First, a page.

Minichamps MIN436140360 Apollo 15 Lunar Rover with Two Astronauts (1:43 Scale)
"....the Lunar Rover proved to be the reliable, safe and flexible lunar exploration vehicle we expected it to be. Without it, the major scientific discoveries of Apollo 15, 16, and 17 would not have been possible; and our current understanding of lunar evolution would not have been possible."
- NASA astronaut Harrison Schmitt of Apollo 17
The Lunar Roving Vehicle (LRV) or lunar rover was a type of surface exploration rover used on the Moon during the Apollo program. It is also known by its popular nickname of moon buggy. Three of the Apollo missions brought LRVs to the Moon.
The original cost-plus-incentive-fee contract to Boeing (with Delco as a major sub-contractor) was for 19M USD and called for delivery of the first LRV by April 1st, 1971, but cost overruns led to a final cost of 38M USD. Four lunar rovers were built, one each for Apollo missions 15, 16, and 17, and one that was used for spare parts after the cancellation of further Apollo missions. There were other LRV models built: a static model to assist with human factors design, an engineering model to design and integrate the subsystems, two 1/6 gravity models for testing the deployment mechanism, a 1-gravity trainer to give the astronauts instruction in the operation of the rover and allow them to practice driving it, a mass model to test the effect of the rover on the Apollo Lunar Module (LM) structure, balance and handling, a vibration test unit to study the LRV's durability and handling of launch stresses, and a qualification test unit to study integration of all LRV subsystems.
LRVs were used for greater surface mobility during the Apollo J-class missions: (Apollo 15, Apollo 16, and Apollo 17). The rover was first used on July 31st, 1971 during the Apollo 15 mission. This greatly expanded the range of the lunar explorers. Previous teams of astronauts were restricted to short walking distances around the landing site due to the bulky space suit equipment required to sustain life in the lunar environment. The rovers had a top speed of about 8 mph (13 km/h).
The LRV was developed in only 17 months and yet performed all its functions on the Moon with no major anomalies. Harrison Schmitt of Apollo 17 said, "....the Lunar Rover proved to be the reliable, safe and flexible lunar exploration vehicle we expected it to be. Without it, the major scientific discoveries of Apollo 15, 16, and 17 would not have been possible; and our current understanding of lunar evolution would not have been possible."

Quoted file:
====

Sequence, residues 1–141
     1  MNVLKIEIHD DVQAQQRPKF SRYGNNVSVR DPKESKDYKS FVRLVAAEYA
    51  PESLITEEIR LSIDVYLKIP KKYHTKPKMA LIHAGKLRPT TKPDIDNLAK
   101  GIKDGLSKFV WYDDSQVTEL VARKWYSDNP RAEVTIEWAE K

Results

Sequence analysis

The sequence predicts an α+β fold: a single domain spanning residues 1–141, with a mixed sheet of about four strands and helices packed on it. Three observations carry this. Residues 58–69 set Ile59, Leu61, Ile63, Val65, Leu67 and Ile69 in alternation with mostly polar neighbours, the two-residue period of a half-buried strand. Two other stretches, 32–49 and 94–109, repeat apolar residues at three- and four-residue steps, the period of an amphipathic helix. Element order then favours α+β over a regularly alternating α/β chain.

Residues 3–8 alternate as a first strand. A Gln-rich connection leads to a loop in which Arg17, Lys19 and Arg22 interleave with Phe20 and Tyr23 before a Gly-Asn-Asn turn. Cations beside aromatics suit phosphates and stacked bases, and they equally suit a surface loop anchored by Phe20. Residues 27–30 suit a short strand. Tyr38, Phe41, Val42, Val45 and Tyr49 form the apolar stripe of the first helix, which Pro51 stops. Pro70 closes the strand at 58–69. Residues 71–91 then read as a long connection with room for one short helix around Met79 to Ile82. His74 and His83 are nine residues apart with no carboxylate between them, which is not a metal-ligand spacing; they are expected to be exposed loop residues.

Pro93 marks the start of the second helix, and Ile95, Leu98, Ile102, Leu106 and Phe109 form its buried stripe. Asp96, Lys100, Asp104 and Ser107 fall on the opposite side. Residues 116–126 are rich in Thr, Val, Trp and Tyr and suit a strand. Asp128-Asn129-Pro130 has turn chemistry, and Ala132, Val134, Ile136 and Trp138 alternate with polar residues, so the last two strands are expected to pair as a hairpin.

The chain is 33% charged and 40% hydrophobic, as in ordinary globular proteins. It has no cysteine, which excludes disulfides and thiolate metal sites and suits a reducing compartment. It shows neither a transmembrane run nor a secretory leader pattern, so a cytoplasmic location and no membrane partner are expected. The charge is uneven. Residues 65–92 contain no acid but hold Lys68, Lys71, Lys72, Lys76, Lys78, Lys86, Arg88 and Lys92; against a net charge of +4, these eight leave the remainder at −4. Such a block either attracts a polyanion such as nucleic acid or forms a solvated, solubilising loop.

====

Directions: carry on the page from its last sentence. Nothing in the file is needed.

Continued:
Pictured here is a 1:43 scale replica of the Apollo 15 Lunar Rover. Comes with two astronaut figures. Only 6,671 pieces produced.
Length: 4 inches
Width: 2 inches
Release Date: 2007
Historical Account: "Houston, We Have a Problem" - Despite its rugged construction, the LRVs did experience some minor problems while on mission. The rear fender extension on the Apollo 16 LRV was lost during EVA2 at station 8 when Young bumped into it while going to assist Duke. The dust thrown up from the wheel covered the crew, the console and the communications equipment. High battery temperatures and resulting high power consumption ensued. No repair attempt was mentioned. The fender extension on the Apollo 17 LRV broke when accidentally bumped by Eugene Cernan with a hammer handle. The crew taped the extension back in place, but due to the dusty surfaces, the tape did not adhere and the extension was lost after about one hour of driving, causing the astronauts to be covered with dust. For the second EVA (extra-vehicular activity), a replacement "fender" was made with some EVA maps, duct tape, and a pair of clamps from inside the Lunar Module - nominally intended for the moveable overhead light. This repair was later undone so that the clamps could be brought back inside for launch. The maps were brought back and are now on display at the National Air and Space Museum. The abrasion from the dust is evident on some portions of the makeshift fender.
The color television camera mounted on the front of the LRV could be remotely operated by Mission Control in two axis pans and zoom. This allowed far better television coverage of the EVA than the earlier missions. At the conclusion of the astronauts' stay on the surface the Commander drove the LRV to a position away from the Lunar Module so that the camera could record the ascent stage launch.
NASA's rovers have been abandoned and thus belong to the list of artificial objects on the Moon. Also on that list are the Soviet Union's unmanned rovers named Lunokhod 1 and Lunokhod 2.